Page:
An inauspicious start

On 7 September – a week before his election – Delia said that co-option to Parliament was “no longer an issue”. Clearly, that was a lie

Cartoon by Mikiel Galea
Cartoon by Mikiel Galea

It has not, so far, been a very auspicious start to Adrian Delia’s career as newly elected Nationalist Party leader.

At the Independence Day mass last Thursday, the sight of the new leader taking a back seat to Simon Busuttil summed up the curious predicament both the party and its leader are now in. Delia won the race for the leadership of the PN... but he cannot take up the office of Opposition leader, as internal dissent keeps him from acquiring an all-important Parliamentary seat.

But while this is apparently beyond his own immediate control, Adrian Delia did not help his own cause with his inaugural speech on the Floriana Granaries last Wednesday.

READ MORE Jean Pierre Debono to resign his seat in Delia’s bid to take seat in the House

Political speeches are usually judged on two separate categories: the substance of what is said, and the manner in which the message is delivered. Delia scores significantly higher in the second category: but his otherwise textbook delivery cannot eclipse certain shortcomings with the message itself.

One major problem was Delia’s inability to conceal the extent of the (very visible) internal divisions within the PN. His claim that the Nationalist Party is ‘united’ was farcically belied by the absence of several prominent party exponents from the podium or crowd.

The most conspicuous absence, of course, was outgoing leader Simon Busuttil. But MPs like Jason Azzopardi, Karol Aquilina and others also chose to snub the occasion. Delia will need the collaboration of these officials if he is to succeed in his mission to reunite the party. So far, there has been no indication of any bridge-building attempts on either side. Nor does it help that Delia, while publicly praising past icons such as Lawrence Gonzi, failed to acknowledge either Busuttil, or even Chris Said – his defeated rival, who (unlike others) was present to give his support on the podium. This was surely a significant faux-pas on Delia’s part, as it graphically underscored the evident bitterness from the campaign.

Moreover, Delia seemed to contradict himself when he called for an end to ‘the culture of hate’... only to launch tirades against Prime Minister Joseph Muscat, with the clear aim of eliciting boos and jeers from his audience. Delia claimed he wants to instil a ‘new way’, which he also described as ‘thinking outside the box’. Such antics are however very much within that box. They are hallmarks of the politics of yesteryear.

Likewise, his entire discourse and sense of history is still somewhat pock-marked by partisan prejudice. For instance, he claimed that: “30 years ago we were fighting for liberty when they were beating us in the streets. They would not let us read our newspapers. They would not let us express our political opinion, with clear political violence...”

This is certainly true, up to a point, of Malta in the 1980s. But it would be an equally apt description of Malta in the 1960s, when the shoe was on the other foot. Labour supporters were threatened with excommunication for reading Labour newspapers, or being part of the party’s structures. The PN may not have been directly implicated, but it certainly benefitted from what can only be described as an intolerable injustice.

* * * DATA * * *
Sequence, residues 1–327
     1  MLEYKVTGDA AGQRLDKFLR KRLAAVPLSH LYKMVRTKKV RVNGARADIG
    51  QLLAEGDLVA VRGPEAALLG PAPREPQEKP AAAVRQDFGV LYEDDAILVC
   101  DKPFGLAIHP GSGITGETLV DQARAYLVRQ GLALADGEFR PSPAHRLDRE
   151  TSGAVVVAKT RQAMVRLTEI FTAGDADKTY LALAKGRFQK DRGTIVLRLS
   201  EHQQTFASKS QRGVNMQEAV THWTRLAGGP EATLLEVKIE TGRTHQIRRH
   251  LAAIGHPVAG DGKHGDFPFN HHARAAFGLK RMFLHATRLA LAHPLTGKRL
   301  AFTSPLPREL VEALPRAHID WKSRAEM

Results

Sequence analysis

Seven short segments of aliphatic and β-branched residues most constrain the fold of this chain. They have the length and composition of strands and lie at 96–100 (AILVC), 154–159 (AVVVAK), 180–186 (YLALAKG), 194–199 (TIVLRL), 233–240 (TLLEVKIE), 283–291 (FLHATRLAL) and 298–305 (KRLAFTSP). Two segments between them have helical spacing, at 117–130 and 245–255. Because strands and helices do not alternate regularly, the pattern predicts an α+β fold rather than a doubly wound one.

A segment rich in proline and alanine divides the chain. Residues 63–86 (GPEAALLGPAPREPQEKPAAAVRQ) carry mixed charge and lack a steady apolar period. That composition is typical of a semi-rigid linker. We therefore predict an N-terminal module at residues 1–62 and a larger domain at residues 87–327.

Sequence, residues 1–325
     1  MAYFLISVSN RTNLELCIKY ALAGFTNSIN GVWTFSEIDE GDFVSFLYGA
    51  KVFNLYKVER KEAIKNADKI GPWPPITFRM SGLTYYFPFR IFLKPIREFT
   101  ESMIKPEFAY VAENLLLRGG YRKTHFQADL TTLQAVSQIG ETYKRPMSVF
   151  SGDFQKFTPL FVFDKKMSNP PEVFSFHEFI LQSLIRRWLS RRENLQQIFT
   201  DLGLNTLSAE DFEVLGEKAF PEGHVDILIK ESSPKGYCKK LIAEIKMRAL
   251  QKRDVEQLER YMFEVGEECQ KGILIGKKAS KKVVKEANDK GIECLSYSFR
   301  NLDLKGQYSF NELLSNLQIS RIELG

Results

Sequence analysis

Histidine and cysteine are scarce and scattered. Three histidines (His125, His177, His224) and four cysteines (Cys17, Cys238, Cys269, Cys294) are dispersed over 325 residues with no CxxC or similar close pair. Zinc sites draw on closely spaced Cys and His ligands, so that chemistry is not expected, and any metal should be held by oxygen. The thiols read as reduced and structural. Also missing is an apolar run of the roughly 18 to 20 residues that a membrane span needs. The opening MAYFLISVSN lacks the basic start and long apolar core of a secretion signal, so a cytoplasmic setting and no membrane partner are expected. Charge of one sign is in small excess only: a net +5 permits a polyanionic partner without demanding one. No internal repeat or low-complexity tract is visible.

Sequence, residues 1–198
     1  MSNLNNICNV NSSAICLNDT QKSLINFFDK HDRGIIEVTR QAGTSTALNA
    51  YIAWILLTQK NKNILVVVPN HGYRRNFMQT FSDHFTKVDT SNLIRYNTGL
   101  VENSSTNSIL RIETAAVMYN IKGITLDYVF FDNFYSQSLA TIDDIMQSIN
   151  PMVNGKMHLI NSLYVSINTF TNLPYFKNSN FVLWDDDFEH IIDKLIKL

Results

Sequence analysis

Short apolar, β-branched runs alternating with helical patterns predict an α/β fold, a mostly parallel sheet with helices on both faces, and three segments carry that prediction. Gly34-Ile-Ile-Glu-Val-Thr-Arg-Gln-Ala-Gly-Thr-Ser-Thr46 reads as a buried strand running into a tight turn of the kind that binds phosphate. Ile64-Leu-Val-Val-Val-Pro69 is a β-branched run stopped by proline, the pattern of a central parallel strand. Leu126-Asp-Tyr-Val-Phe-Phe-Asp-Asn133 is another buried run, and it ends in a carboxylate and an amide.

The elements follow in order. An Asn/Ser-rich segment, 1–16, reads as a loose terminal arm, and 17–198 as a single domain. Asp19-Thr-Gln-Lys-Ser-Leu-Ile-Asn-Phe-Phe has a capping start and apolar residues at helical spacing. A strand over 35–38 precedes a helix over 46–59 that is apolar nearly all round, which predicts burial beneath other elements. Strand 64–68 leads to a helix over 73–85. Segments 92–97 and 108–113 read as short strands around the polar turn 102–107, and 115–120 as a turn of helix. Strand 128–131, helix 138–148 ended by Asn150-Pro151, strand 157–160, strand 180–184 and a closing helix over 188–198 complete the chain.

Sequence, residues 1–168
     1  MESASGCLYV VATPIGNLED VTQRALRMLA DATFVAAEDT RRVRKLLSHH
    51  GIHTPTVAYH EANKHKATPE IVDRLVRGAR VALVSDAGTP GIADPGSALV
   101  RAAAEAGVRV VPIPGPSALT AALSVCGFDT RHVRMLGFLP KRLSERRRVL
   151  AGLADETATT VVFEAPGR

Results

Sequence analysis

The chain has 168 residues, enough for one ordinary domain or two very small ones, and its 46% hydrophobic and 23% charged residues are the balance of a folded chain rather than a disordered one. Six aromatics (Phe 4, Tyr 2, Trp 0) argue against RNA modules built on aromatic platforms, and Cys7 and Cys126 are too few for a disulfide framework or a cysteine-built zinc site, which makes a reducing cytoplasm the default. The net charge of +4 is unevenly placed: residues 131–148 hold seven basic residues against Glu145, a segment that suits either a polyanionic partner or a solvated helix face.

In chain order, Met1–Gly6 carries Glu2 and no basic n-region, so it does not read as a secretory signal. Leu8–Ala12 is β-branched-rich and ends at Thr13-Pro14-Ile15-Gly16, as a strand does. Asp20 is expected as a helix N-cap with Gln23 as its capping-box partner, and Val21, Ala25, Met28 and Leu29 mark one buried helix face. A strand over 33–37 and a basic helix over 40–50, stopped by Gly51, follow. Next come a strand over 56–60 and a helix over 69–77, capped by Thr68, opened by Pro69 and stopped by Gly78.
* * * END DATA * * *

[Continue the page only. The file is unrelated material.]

Yet Delia cherry-picks from Maltese history, with a clear intention to re-ignite past polemics for partisan ends.

Elsewhere, the substance of his vision – for both party and country – is highly problematic on various fronts. His conservative social outlook may resonate with various Maltese voters who are still conservative at heart... even Labour voters. After all, Muscat’s liberalism is not exactly well-articulated either, and so far only enjoys support because its otherwise negative effects have not become manifestly evident.

But for Delia to lump surrogacy, prostitution, drugs, and even abortion into one basket, paints a picture of a political novice who has much to learn about the art of politics. Regardless of personal opinions, all the above are serious issues which deserve to be debated seriously. Besides, Delia must surely be aware that his own party’s voter-base is deeply divided on such matters – more on some than others, perhaps; but divided all the same.

Nationalist voters did not subscribe to Gonzi’s diktats on divorce in 2011; Delia should know by now that he cannot rely on all PN voters sharing his own private views.

On a more positive note, Delia indicated that he is aware of certain nascent economic realities. His vocal doubts about the existence of a surplus aside, it is heartening to see a (would-be) Opposition leader promising to ensure social justice and the fair distribution of wealth, with an emphasis on the most vulnerable.

But the clearest indication of trouble ahead took the form of his failure to mention the elephant in the room. On 7 September – a week before his election – Delia said that co-option to Parliament was “no longer an issue”. Clearly, that was a lie: he has been rebuffed by most MPs elected by casual election, and Marlene Farrugia is not guaranteeing him a painless route if another casual election is triggered.

No amount of posturing on the stage can cover up these serious uncertainties. Delia also needs to unveil a clear plan of action, to avoid an otherwise certain catastrophe.